400 students -accounting for a 64.93 % of the survey sample answered: No.

As related to question number 3: Have you had any previous contact with a corpse or cadaver, prior to your initial contact with a cadaver in the anatomical dissection room?

59.41 % of those who answered the survey which accounted for a total of 366 students answered: No.

 

As related to question number 4: Do you wish to talk about death and issues related to death with the professors of the Anatomy Chair as part of your initial cadaver dissection sessions in the anatomical dissection room?

343 students which accounted for a 55.68 % of the study sample answered: No.

As related to question number 5: Who you would have wished to talk with about death and the issues related to death as part of your initial experience in dealing with cadavers in the anatomical dissection room?

295 students accounting for a 52.22 % of the survey sample answered they would have wished to talk about death and death related issues with a professor of the Anatomy Chair. In the case of other 80 students a 12.98 % of the survey sample- they mentioned they would have liked to talk about this issue with a relative. Other 62 students 10.06 % of the survey sample would have wished to talk about this topic with another student, while 4.70 % of the study sample 29 students would have wished to talk about these issues with a priest, a rabbi or a pastor (Notzer et al., 2006).

In turn 4.22 % 26 students would have wished to talk about this topic with an anatomy assistant and 6.33 % 39 students would have preferred to address with another non specified person.

As related to question number 6: How would you describe your initial contacts with cadavers in the anatomical dissection room? (Fig. 1).

Fig. 1. As related to question number 6: How would you describe your initial
contacts with cadavers in the anatomical dissection room?

334 students accounting for a 52.22 % of the survey sample- described this initial contact as positive; 211 students accounting for a 34.25 % of the survey sample described it as very positive; 44 students accounting for 7.14 % of the survey sample described it as stressing, and only 7 students accounting for 1.13 % of the survey sample- described it as traumatic.

As related to question number 7: In your opinion, what is the most stressing aspect of the Anatomy Chair? In the case of this question they could choose more than one alternative answer.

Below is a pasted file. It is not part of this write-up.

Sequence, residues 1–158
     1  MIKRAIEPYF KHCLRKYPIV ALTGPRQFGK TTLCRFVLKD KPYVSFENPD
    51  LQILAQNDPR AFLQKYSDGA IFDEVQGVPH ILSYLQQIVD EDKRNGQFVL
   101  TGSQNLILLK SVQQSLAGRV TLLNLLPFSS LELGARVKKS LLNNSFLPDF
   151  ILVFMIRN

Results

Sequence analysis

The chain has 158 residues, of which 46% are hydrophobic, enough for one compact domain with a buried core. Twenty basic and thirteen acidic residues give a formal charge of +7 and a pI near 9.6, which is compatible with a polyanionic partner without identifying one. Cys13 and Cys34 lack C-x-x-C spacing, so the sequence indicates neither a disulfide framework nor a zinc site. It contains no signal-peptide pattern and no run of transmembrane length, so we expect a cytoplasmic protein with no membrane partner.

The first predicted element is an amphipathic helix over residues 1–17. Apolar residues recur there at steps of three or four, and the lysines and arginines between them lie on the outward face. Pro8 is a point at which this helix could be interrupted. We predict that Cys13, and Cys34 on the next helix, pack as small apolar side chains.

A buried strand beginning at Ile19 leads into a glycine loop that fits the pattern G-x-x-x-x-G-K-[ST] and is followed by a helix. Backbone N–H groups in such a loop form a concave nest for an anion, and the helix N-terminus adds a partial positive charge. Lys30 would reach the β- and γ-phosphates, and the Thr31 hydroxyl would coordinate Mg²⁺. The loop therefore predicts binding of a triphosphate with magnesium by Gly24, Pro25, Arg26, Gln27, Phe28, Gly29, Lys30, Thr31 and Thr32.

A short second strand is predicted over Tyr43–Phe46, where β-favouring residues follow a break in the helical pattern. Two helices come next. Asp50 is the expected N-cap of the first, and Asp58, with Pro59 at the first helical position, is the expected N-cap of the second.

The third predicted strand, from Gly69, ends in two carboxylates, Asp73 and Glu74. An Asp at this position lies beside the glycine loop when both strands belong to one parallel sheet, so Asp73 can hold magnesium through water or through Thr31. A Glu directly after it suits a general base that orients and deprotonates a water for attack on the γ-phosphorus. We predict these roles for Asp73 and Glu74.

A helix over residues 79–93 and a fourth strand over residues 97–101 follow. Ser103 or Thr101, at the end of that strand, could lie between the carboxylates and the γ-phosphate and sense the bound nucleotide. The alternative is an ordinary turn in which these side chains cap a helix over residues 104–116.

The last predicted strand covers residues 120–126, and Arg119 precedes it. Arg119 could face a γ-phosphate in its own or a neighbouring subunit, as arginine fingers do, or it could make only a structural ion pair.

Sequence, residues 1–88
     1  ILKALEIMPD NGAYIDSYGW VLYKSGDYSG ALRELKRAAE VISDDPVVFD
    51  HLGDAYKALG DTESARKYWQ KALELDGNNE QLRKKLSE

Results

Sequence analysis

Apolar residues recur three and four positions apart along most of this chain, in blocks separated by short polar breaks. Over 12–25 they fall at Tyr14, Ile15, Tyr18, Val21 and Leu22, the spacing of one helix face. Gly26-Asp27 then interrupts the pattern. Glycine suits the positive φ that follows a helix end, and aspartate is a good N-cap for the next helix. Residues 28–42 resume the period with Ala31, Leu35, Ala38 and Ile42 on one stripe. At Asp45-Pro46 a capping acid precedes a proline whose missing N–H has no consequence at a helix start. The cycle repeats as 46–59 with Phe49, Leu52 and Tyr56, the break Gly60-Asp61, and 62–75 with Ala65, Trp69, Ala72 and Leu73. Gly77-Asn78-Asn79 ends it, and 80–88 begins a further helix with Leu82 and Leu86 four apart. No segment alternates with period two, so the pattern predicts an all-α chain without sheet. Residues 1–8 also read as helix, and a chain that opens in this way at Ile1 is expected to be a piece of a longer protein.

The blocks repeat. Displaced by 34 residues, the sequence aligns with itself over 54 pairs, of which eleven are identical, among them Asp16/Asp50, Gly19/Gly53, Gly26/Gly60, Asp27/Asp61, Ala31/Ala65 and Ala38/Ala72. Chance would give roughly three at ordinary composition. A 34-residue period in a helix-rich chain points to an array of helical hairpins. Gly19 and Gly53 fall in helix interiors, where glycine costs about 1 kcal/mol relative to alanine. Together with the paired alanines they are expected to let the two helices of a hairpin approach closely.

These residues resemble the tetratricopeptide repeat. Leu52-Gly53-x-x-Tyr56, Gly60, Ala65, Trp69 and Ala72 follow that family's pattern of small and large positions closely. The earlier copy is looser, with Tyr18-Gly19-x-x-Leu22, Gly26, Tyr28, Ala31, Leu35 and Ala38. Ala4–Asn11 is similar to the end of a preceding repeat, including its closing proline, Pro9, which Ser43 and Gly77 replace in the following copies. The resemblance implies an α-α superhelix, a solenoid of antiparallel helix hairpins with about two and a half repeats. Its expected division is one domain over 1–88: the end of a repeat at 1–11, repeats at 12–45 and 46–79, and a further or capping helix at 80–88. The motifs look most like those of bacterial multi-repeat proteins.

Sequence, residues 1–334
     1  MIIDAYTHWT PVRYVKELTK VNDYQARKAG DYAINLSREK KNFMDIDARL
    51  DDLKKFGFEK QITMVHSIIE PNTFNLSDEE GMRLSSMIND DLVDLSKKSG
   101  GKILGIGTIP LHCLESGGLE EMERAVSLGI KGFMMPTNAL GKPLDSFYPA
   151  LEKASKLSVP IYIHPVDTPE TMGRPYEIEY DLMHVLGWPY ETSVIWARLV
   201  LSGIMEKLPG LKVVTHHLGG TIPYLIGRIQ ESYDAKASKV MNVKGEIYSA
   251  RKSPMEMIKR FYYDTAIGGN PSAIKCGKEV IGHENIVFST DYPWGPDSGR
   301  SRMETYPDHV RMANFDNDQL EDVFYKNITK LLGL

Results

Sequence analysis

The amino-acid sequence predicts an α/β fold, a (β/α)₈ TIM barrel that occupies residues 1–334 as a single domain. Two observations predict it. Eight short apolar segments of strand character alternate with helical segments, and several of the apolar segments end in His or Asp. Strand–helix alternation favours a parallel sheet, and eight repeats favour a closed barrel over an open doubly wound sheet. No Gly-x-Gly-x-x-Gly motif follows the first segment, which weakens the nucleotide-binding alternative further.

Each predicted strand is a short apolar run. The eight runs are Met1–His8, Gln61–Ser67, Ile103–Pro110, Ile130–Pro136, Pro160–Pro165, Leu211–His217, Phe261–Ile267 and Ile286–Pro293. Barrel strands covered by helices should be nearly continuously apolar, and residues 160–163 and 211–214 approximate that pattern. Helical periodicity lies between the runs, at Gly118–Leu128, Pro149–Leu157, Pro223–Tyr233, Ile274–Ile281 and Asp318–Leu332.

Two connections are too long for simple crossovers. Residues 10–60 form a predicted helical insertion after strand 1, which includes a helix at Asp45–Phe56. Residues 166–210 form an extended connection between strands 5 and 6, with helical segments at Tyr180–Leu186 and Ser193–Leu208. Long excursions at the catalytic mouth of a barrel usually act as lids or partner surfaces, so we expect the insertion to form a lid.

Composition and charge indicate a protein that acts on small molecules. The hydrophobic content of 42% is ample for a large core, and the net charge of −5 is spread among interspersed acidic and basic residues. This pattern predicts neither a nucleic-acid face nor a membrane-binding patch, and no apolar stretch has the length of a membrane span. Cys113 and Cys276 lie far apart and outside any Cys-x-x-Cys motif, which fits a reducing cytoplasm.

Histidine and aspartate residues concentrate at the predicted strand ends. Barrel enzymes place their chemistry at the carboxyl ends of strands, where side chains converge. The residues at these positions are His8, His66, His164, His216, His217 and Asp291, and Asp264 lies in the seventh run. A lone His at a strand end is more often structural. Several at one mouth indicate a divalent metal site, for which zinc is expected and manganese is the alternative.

In a non exclusive manner, 348 students accounting for a 56.49 % of the survey sample answered that the most stressing aspect of the Anatomy Chair was the academic burden; 347 students accounting for a 56.33 % of the survey sample responded that the most stressing factor were the

evaluations related to the Anatomy Syllabus; 84 students accounting for a 13.63 % of the survey sample- mentioned that the anatomical dissection room was the most stressing element of the Anatomy Chair, and finally 73 students -accounting for a 11.85 %.of the survey sample- answered that learning anatomy was the most stressing factor in the Anatomy Syllabus (Fig. 2).

Fig. 2. As related to question number 7: In your opinion, what is the most
stressing aspect of the Anatomy Chair?

DISCUSSION

Despite the changes in the syllabus that have being taking place in the past few years and the probable changes that might be evidenced in the near future in the syllabus design of the Medical School, when addressing the study of the human anatomy the basic pillar in the wide and complex field of medical studies anatomical dissection is still a basic method that efficiently contributes to the teaching and learning process of the human anatomy.

Since pre-historic times, anatomic dissection has been and will continue to be a basic element for learning and teaching human anatomy, as the study of cadavers is indeed the basis for our knowledge of the human body. No doubt, it enables us to efficiently understand the anatomic shape, space and situation of a specific structure, as well as its relations and possible variations. In this way, we can achieve a wider understanding, retention and comprehension of the human anatomy.

The results of these surveys among first year medical students of the José María Vargas School of Medicine of the Central University of Venezuela evidence that they have had a positive experience in their initial contact with a cadaver in the anatomical dissection room. Nevertheless this survey was a preliminary research about these topics in Schools of Medicine in Venezuela, new researches about these topics will need to be done.